When your loved one reaches an age where help is not just an option but a necessity, how do you decide if home care or a nursing home will provide a better situation? This is going to be a significant […]
When your loved one reaches an age where help is not just an option but a necessity, how do you decide if home care or a nursing home will provide a better situation? This is going to be a significant life change either way, and it can have a very positive impact on an elderly person, ensuring that they are safe and healthy. To determine which move is better in your situation–no two people are alike, after all–you may want to take a look at the pros and cons.
Home Care: Pros
One of the biggest advantages of in-home care is that the elderly person gets to stay in their house, where they feel comfortable, so the change isn’t so jarring. After living independently for decades, they may not want to lose it, and the home setting still allows them some freedom. Additionally, home care is flexible, so you can set up a plan that provides the amount of care that the person really needs; they may not need the around-the-clock care that a nursing home gives. If not, home care can be way more affordable since you only pay for the hours worked. The home care worker takes on tasks that are too difficult or dangerous, such as helping with showers, running errands, cooking meals and the like.
Nursing Home: Pros
The big advantage of a nursing home is that experienced, professional care is always just a few feet away. If a person has a medical emergency–such as a fall–workers can be there in seconds to assist. The nursing home can also take care of medications so that they are never missed. On top of that, many nursing homes provide games, entertainment and meals, and they create a living environment where the elderly can interact and enjoy each other’s company, rather than being alone.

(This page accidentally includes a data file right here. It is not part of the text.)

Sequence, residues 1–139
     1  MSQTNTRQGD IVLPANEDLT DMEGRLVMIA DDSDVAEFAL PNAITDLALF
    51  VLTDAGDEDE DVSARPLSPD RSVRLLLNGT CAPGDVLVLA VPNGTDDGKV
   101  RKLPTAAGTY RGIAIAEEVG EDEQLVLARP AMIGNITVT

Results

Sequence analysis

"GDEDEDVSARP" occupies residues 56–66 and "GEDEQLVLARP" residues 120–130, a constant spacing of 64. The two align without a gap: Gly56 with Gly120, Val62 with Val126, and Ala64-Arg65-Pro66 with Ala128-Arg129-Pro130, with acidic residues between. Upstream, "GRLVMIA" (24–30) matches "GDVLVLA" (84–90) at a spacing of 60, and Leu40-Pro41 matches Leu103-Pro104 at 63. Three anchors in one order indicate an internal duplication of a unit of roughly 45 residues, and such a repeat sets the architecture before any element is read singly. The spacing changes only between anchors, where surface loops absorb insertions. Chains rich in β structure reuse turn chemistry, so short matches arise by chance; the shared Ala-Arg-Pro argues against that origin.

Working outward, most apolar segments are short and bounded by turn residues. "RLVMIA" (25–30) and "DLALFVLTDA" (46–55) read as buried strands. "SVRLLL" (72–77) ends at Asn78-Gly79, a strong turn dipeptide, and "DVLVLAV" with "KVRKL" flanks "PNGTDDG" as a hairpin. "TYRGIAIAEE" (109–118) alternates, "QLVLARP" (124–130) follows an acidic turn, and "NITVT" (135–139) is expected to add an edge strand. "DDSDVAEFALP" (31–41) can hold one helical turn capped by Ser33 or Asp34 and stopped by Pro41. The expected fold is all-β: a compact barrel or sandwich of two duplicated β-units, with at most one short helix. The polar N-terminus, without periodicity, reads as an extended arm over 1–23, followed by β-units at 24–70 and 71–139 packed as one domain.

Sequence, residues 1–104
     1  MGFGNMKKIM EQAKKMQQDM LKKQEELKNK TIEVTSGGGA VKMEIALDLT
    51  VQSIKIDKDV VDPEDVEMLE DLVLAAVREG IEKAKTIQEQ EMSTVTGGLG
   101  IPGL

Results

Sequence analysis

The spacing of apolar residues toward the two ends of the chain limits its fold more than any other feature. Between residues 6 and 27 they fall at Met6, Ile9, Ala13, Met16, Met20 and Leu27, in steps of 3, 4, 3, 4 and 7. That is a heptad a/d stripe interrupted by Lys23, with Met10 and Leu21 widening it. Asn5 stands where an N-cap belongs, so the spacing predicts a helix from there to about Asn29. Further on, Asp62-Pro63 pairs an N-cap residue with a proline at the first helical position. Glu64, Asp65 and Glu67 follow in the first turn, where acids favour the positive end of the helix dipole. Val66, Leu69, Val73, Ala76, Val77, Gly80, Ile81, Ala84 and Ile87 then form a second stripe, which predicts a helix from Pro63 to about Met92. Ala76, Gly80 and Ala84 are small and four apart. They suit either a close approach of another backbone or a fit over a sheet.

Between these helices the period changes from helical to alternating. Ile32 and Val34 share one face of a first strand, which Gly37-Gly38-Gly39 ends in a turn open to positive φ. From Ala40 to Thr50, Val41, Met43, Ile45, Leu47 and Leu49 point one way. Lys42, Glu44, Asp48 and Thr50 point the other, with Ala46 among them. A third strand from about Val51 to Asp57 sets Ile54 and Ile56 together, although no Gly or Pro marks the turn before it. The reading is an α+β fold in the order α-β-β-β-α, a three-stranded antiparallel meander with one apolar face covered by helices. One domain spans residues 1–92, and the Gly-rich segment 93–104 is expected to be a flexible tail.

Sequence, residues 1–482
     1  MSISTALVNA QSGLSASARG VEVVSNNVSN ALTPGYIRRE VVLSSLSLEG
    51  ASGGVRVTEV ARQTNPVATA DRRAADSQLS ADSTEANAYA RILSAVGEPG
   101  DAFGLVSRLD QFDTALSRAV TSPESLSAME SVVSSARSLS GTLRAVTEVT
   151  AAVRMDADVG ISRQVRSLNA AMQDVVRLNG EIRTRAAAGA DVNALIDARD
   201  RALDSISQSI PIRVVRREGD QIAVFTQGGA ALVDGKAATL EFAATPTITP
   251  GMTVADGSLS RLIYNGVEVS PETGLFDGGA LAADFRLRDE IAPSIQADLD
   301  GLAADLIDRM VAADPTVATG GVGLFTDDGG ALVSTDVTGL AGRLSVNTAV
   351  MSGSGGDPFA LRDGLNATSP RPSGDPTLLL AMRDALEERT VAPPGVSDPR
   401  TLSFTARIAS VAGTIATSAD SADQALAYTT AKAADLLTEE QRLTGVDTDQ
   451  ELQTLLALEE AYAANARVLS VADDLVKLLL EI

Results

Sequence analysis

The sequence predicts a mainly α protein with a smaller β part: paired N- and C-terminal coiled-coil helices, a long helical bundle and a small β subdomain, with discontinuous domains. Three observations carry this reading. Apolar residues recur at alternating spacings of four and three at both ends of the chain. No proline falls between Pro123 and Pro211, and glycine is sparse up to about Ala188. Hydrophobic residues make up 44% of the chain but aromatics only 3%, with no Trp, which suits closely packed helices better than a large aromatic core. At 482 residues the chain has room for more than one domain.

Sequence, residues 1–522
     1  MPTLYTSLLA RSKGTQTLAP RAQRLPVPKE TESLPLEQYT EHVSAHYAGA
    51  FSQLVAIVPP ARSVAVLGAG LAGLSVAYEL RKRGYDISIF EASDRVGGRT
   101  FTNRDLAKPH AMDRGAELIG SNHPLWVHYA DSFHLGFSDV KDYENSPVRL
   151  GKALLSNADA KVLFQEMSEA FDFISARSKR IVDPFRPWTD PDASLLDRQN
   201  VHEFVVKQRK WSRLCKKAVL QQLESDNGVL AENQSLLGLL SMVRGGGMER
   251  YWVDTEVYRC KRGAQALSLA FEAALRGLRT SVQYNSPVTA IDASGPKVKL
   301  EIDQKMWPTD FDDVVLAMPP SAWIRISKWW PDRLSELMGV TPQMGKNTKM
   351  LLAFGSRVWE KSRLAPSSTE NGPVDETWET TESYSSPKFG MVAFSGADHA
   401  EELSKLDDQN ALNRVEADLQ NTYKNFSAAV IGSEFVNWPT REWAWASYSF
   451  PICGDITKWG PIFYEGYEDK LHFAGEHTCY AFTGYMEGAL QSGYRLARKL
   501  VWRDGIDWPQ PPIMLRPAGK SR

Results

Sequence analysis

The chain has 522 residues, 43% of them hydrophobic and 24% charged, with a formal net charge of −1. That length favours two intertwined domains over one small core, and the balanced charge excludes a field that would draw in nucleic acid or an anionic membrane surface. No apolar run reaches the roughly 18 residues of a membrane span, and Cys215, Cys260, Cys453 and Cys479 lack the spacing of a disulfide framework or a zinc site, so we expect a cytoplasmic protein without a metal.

Home Care: Cons
The con of home care is the expense. As noted, it can be cheap if used in smaller amounts, but it can get expensive if you need to hire someone to live in the home around the clock. In this way, you’re just trying to make a setting that is like a nursing home, but for just one person. A nursing home may be less expensive since the cost is spread out among all of the residents.
Nursing Home: Cons
The disadvantage of the nursing home is also the cost, though, since you have no choice but to pay for around-the-clock care. You also have to pay their rates for food and things of this nature, rather than bargain shopping. On top of that, moving can be very discouraging and depressing for the elderly. Many people have lived in their homes for 50 years or more, and they don’t want to give them up. They have all of their fond memories there, and being dropped into a neutral setting rips them away from all that they cherish. Even if a nursing home provides excellent care on a technical level, that does not mean that the elderly person is going to be happy living there.